The rear sight is attached to the left side of receiver, and has a range adjustment mechanism controlled by a knurled-rotating knob. Standard furniture consists of an integral folding bipod, which is attached to the gas cylinder tube, and a wooden butt with a spring-buffered buttplate and a folding shoulder rest plate. Although the ZB-26 was intended for the light machine gun role, it was also offered with a sustained-fire tripod, and provided with a sufficient supply of full magazines and spare barrels it could serve (to some extent) as a medium machine gun. The same tripod was also adaptable for the anti-aircraft role.

Deployment and service[edit]

The ZB-26 saw service with the Czechoslovak infantry, as well as being the primary or secondary armament on many later model Škoda armored vehicles. It is believed that the ZB factory turned more than 120,000 ZB-26 guns between 1926 and 1939 in a variety of calibers (the most popular being its original 7.92×57mm Mauser). It was exported to twenty-four European, South American and Asian countries, both in its original form and in the slightly improved ZB-30 version. Large batches of ZB light machine guns went to Bolivia, Bulgaria, China, Romania, Turkey and Yugoslavia. Exports continued up until 1939, when Nazi Germany under Adolf Hitler took over Czechoslovakia.

Chinese soldiers were the main ZB-26 users during WWII.

The Wehrmacht soon adopted the ZB-26 after the occupation of Czechoslovakia, renaming it the MG 26(t); it was used in the same role as the MG 34, as a light machine gun. In the opening phases of World War II, the ZB-26 in 7.92mm Mauser caliber was used in large numbers by elements of the German Waffen-SS, who at first did not have full access to standard Wehrmacht supply channels. In its most famous incarnation, the ZB-26 was modified by ZB and British technicians, entering service as the famous Bren gun. Many more countries imported or produced the design under license, including China, Yugoslavia, and Lithuania. Chinese Nationalist forces used the ZB-26 chambered for the 8×57mm Mauser round in their struggle with Communist Chinese and later Imperial Japanese forces. Likewise, the Chinese Red Army (as with any other captured weapon) turned the Nationalists' ZB-26 machine guns against them and the Japanese. According to Brno, from 1927 to 1939, a total of 30,249 ZB-26 were exported to China. During this time due to high demand, Chinese small-arms factories—state-owned as well as those controlled by various warlords—were producing the ZB-26. During the Korean War, Chinese Communist forces employed the ZB-26 against UN forces, and PVA ZB gunners developed a well-deserved reputation for long-range marksmanship. During the First Indochina War with French and later South Vietnamese forces, the ZB-26 was found in the hands of both North Vietnamese Army and Viet Minh guerrillas.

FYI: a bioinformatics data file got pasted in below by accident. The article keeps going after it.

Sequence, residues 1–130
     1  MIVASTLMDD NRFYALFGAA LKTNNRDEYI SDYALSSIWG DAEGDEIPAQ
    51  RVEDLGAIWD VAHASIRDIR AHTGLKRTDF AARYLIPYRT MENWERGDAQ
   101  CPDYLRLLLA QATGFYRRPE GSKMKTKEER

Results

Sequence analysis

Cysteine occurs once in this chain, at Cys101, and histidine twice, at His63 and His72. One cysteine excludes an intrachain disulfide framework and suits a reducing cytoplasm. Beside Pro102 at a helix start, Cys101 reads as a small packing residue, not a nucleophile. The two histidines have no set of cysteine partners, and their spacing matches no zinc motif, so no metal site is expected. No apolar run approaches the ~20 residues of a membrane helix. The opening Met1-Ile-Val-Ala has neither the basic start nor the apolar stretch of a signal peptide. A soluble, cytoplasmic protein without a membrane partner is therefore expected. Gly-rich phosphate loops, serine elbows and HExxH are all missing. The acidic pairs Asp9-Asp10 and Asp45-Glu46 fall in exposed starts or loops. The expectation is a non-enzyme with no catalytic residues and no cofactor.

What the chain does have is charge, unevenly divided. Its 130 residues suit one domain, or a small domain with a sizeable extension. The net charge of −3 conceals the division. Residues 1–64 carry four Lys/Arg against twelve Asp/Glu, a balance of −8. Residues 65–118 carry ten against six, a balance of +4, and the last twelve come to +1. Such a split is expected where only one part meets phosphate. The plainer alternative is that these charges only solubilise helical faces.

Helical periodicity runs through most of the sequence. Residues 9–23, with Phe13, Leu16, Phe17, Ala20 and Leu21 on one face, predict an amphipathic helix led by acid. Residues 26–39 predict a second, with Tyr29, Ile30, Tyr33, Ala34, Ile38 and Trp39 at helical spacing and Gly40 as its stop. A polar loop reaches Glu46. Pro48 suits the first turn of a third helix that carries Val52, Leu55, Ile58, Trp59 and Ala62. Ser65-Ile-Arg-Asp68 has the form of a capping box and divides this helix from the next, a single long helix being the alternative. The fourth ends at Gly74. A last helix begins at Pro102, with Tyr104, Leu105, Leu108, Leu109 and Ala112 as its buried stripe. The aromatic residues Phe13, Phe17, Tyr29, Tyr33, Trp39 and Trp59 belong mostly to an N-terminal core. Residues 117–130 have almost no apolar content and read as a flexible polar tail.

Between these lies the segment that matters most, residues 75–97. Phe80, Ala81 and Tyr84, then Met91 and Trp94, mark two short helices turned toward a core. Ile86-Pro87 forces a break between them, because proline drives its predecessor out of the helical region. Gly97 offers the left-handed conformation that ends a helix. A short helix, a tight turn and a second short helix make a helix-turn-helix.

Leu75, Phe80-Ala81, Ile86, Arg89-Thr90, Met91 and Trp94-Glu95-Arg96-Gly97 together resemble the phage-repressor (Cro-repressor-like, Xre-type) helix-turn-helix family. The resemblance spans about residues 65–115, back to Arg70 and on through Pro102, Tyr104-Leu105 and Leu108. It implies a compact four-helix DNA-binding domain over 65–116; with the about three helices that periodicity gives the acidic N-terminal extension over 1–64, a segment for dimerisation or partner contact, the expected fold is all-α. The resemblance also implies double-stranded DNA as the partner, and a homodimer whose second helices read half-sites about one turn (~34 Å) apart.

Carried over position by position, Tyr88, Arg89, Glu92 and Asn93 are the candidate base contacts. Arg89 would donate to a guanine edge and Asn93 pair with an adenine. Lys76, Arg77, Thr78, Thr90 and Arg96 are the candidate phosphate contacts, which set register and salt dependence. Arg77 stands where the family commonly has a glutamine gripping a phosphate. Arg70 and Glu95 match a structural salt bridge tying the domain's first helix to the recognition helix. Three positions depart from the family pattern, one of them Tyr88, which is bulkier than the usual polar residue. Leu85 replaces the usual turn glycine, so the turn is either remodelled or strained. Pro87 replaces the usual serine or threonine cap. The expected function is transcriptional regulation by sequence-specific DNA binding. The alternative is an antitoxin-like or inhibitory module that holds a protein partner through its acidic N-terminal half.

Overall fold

Variants[edit]

  • ZB vz. 24: the weapon's predecessor.
  • ZB vz. 27: later variant.
  • ZB vz. 30: later variant.
  • ZGB 30: final modifications to the vz. 30 for British trials.
  • ZGB 33: in its final form was virtually identical to the British Bren light machine gun.
  • ZB 39: commercial variant of the Bren, chambered in various different rounds and having different sights, among other minor changes.

More designations appear depending on the adopting army, though generally the gun retains its 'ZB 26' initials in one form or another.

Although the ZB-26 had few variants, some weapons were closely based on it:

  • The Japanese Type 97 light machine gun was a license built copy of the ZB-26 and intended for use in Japanese tanks. It was not normally issued as an infantry light machinegun. Other than the cocking handle being moved from the right side of the receiver to the left it is essentially a duplicate of the Czech gun in operation.
  • The Japanese Type 96 was similar in its layout but used a completely different operating system. It was unique in its locking system which did not resemble any other contemporary mechanisms. It did however use the top mounted magazine and a bipod mount.
  • The Finnish Kk 62 light machine gun.
  • The German MKb 42(h) assault rifle used a virtually identical, although inverted, bolt/bolt carrier system.
  • The Spanish Fusil Automático Oviedo (F.A.O.).

Users[edit]

Chinese National Revolutionary Army soldiers firing the ZB vz. 26.

See also[edit]

References[edit]

  1. ^ Jowett, Philip. The Chinese Army 1937-49: World War II and Civil War. Osprey Publishing. p. 44. ISBN 1-84176-904-5. 

External links[edit]